Thursday, June 28, 2007

A garden!

It was not all knitting and kilts this past weekend. There was also food and gardening. I have a bit of a problem. I really like food. A lot. And, in the last several years, I have become more and more into trying to eat food that is seasonal and local, when at all possible (this has led to some serious issues in the meat-eating department; can you believe that it is almost impossible to find California-raise free-range meat in a California grocery store?!). So, every Saturday morning, someone from the family hits the local farmer's market. The girls are a big part of this, and have an amazing amount of fun picking things out (this week, it was purple and green dragon beans; I don't know that we'll get those again). I am completely convinced that this is a large part of why they are willing to try most things at least once (that and my favorite kitchen mantra: I am not a short-order cook. I am making one dinner, and if that doesn't work for you, you know where the fruit bowl is.). They are at the point where they know most of the growers who come to the market, and they're recognized all over.

This is not a problem. My problem is that I'd really like to be the sort of person who actually grows some sort of food object. We have fruit trees, but I have these idealized visions of canning my own tomato sauce, from my own tomatoes (this is not completely fantasy; I have canned tomato sauce, I just had to buy the tomatoes, which can get expensive in bulk). This vision has been fueled in the past couple of weeks by reading Barbara Kingsolver's book Animal, Vegetable, Miracle. It's a great book to read and I highly recommend it, even though I spent a considerable amount of time while reading it thinking that not everyone keeps an Appalacian farm in their back pocket for the day when they decide to eat locally (I have a real thing about good food choices being priced beyond the reach of most middle-class Americans, let alone folks who are living below that wage line). Nor does everyone have jobs with flexible enough hours that they can spend a significant portion of daylight outside. However, I do think that it's a good thing to grow something now and then, and I thought the kids might like it, too. Never mind that while I can cook up a storm, I have one of the brownest thumbs around (I am a big fan of gardens with native plants in them, because they require so little effort!). However, I took the girls to the plant stand at the farmer's market and let them have at it. Tess chose little bitty marble-sized tomatoes, and yard-long beans, and butternut squash. Kivrin chose soybeans and cucumbers and pumpkins. I chose some roma tomatoes and some heirlooms, herbs, and more pumpkins. And then we tilled and planted:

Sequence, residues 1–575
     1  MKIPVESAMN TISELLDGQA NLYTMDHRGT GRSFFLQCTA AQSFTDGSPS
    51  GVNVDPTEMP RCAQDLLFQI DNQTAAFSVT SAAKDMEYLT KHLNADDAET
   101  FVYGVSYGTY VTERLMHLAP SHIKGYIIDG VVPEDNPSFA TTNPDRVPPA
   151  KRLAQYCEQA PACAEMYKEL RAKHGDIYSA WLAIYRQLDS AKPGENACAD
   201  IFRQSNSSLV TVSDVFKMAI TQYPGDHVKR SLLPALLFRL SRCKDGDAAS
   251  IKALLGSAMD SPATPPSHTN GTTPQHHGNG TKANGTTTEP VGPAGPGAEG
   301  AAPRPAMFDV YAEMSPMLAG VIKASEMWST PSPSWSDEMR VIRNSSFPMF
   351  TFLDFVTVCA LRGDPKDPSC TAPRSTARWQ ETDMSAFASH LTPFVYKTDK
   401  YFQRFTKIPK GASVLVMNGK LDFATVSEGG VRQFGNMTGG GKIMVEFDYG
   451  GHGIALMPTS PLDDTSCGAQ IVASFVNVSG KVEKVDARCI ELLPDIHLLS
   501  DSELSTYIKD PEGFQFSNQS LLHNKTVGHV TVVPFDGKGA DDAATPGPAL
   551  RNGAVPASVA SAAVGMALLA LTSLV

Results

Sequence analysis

The girls learned how to get the plants out of the containers and into the ground.
And we ended up with a garden!
Lucky for my brown thumb, DH is an engineer, and a hydrogeologist at that, so he set up drip lines for the whole thing. These plants will not perish due to lack of water.

So, now if I can just find a nice chair to put down there, I can sit near my garden and knit of an evening, waiting for those tomatoes to pull themselves together and grow. If I could only decide whether to do an extra basket-weave repeat on Hanami...


Tracy said...

Hello! I've just discovered your blog and am really enjoying reading it. Keep it up!

I understand the need to grow some of your own food. When I moved to the Boston area (from dry, dusty Texas), my first task was to establish a garden where plants wouldn't shrivel up within minutes of being planted. These days my focus is on berries--strawberries and raspberries, no luck yet with the blueberries. There is nothing as sweet as a strawberry (or tomato or string bean or zucchini or...) from your own garden!

Fiberjoy said...

Coming your way through Tracy's blog.

There is a popular partnership in this area (Willamette Valley, OR) between urban dwellers and family farms. The customer pays a set monthly fee, through the growing season, and each week the farmer delivers produce that is currently growing on the farm. You could check at the farmer's market if there's anyone doing something similar. One local farmer was close to loosing the farm that'd been in his family over a 100 years when he started doing this about 6 years ago. Now he has all the customers he can handle and is doing very well. He loves it since he's able to interact directly with the consumer, grow what he wants without canneries interfering, and farm as natural as he possibly can.